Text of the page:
In-depth reviews

Vauxhall Vivaro-e electric van review

The impressive Vauxhall Vivaro-e is the best pure-electric van we've driven yet, with a great driving range for the asking price

Vauxhall Vivaro-e
Overall rating

4.5 out of 5

£26,550 - £54,648
Fuel Type:


  • Long driving range
  • Pretty good value
  • Nice to drive


  • Wide-angle mirrors needed
  • Cargo area not the largest
  • Slow charging at home
Battery sizeRangeWallbox charge timeRapid charge time
50kWh143 miles7hrs 30mins (0-100%, 7.4kW)32mins (0-80%, 100kW)
75kWh205 miles11hrs 20mins (0-100%, 7.4kW)45mins (0-80%, 100kW)

After a slow start, the electric van category has really gathered momentum during 2020. The first of a new wave of models designed from the outset to run zero-emissions drivetrains – as opposed to being adapted from diesel-engined vans – has arrived.

The Vauxhall Vivaro-e is a sister model to the Citroen e-DispatchPeugeot e-Expert and Toyota Proace Electric, and is available with two battery sizes, 50 or 75kWh, giving a driving range of 143 or 205 miles respectively, according to official testing. That's significantly better than rivals like the Volkswagen e-Transporter and Mercedes eVito, yet the Vauxhall remains competitively priced.

You'll find the Vivaro-e's electric motor where the engine sits in the diesel version, while the batteries are accommodated under the cargo compartment floor, so load space is identical to the diesel's. The motor and batteries are the same as those in the Vauxhall Corsa-e supermini and its Peugeot e-208 sister model, so total power output is 134bhp, which is enough for a motorway-friendly top speed of 84mph.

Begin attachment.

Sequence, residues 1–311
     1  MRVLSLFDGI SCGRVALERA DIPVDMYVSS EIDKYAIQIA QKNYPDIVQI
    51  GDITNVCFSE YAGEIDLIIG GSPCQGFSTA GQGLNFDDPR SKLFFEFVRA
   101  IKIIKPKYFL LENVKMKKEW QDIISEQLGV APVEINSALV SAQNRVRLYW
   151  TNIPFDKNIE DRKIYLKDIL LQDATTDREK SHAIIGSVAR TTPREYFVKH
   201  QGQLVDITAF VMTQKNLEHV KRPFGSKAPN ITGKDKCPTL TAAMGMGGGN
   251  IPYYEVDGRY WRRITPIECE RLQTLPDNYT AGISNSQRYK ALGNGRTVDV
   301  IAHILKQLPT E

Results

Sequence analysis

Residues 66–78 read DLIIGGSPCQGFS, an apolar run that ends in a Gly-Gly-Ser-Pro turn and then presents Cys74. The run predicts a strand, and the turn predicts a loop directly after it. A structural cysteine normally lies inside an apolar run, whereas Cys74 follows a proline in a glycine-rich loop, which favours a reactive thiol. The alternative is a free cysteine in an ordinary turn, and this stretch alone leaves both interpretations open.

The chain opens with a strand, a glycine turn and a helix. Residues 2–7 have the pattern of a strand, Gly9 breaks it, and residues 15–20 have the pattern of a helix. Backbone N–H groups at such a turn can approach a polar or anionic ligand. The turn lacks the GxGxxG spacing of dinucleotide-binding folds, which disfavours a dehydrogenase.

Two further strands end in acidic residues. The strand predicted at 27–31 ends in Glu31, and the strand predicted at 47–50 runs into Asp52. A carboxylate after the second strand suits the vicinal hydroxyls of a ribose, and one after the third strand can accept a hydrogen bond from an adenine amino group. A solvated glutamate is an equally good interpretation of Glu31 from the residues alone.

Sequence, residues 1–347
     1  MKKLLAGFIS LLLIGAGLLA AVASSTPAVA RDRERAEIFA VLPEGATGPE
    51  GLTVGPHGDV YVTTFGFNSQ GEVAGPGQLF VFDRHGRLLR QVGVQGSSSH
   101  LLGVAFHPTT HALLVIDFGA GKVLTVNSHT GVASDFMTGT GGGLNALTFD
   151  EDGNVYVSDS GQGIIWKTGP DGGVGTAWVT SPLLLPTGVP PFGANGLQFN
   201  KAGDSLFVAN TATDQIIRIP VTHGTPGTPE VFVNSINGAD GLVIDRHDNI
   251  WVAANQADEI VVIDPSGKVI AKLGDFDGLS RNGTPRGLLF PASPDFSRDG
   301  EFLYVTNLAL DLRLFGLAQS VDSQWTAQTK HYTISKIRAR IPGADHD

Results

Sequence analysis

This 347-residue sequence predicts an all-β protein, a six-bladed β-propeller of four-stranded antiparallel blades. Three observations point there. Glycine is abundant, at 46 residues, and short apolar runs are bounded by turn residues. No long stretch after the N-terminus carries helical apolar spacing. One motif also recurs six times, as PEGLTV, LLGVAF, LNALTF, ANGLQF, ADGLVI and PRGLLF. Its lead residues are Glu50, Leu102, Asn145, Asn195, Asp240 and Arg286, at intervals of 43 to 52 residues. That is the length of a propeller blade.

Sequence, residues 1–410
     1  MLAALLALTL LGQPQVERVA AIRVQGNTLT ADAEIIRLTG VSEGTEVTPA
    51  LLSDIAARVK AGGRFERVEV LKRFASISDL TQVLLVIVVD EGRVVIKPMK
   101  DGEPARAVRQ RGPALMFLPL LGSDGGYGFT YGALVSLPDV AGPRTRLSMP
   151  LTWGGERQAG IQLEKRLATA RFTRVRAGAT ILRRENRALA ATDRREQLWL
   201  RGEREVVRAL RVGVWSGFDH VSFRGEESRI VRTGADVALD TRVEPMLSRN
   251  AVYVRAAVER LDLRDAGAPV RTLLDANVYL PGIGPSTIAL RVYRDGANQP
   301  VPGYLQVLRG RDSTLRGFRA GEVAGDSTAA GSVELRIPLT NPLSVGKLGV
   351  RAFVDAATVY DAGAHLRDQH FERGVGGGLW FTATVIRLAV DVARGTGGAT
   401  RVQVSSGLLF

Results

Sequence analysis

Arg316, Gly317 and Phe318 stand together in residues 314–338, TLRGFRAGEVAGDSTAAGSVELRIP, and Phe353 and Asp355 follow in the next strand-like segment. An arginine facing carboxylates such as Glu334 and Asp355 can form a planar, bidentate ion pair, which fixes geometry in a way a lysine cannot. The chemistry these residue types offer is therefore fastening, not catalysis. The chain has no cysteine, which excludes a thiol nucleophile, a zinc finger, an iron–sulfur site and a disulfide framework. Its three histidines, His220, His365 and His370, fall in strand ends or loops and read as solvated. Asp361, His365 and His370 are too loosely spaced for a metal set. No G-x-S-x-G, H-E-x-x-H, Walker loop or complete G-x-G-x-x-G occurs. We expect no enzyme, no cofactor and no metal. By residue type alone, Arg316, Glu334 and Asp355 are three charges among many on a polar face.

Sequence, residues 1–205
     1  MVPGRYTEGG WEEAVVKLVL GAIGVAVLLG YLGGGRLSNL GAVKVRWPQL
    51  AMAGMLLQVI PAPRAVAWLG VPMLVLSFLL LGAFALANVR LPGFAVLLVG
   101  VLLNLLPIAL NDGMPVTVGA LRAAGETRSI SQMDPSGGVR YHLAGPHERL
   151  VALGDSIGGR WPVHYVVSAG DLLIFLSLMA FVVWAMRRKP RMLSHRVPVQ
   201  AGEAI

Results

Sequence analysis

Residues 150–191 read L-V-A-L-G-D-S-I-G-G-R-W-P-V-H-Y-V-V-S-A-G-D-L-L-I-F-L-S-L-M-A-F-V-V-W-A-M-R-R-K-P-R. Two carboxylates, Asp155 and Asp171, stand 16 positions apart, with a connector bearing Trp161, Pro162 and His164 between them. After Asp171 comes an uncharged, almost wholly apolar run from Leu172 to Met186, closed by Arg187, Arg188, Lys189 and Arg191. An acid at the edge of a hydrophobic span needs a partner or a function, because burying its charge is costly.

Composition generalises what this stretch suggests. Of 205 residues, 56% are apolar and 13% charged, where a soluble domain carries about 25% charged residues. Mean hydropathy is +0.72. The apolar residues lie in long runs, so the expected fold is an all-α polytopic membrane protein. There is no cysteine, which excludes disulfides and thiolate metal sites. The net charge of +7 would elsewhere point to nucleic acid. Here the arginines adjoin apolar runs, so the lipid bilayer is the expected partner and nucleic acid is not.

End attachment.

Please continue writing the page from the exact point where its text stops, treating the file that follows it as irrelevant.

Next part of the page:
As well as the choice of battery sizes mentioned above, you can pick from Dynamic and Elite trim levels; the former gets steel wheels, black plastic bumpers, cruise control, automatic wipers and lights and rear parking sensors. Elite adds car-like luxuries such as alloy wheels, body-coloured bumpers, sat nav and an alarm, and is also available in five-seat double-cab form, while the Dynamic is a panel van only.

Sit inside and you'll see the Vivaro-e is near-identical to the Vivaro diesel, although in place of the rev counter there's an energy gauge for the battery, while the gearlever has been replaced by a drive selector for switching between Eco, Normal and Power driving modes. Space up front isn't quite as generous as in some rivals, but it's far from being a tight squeeze. The glovebox is on the small side, but there's dash-top storage and the twin-passenger seat base flips up to reveal more storage underneath.

Like all electric vans, the Vivaro-e's relatively high purchase price has to be set against the significant running-costs savings to be made compared to a diesel van. Vauxhall itself estimates you can save about £100 a month compared to a 2.0-litre diesel Vivaro, based on covering 40 miles a day at a per-mile cost of 2.1p in the Vivaro-e, versus 10.3p for the diesel. Servicing costs are lower, too, while there's no road tax, Benefit-in-Kind is levied at 60% of the normal van rate and the Vivaro-e is exempt from the London Congestion Charge.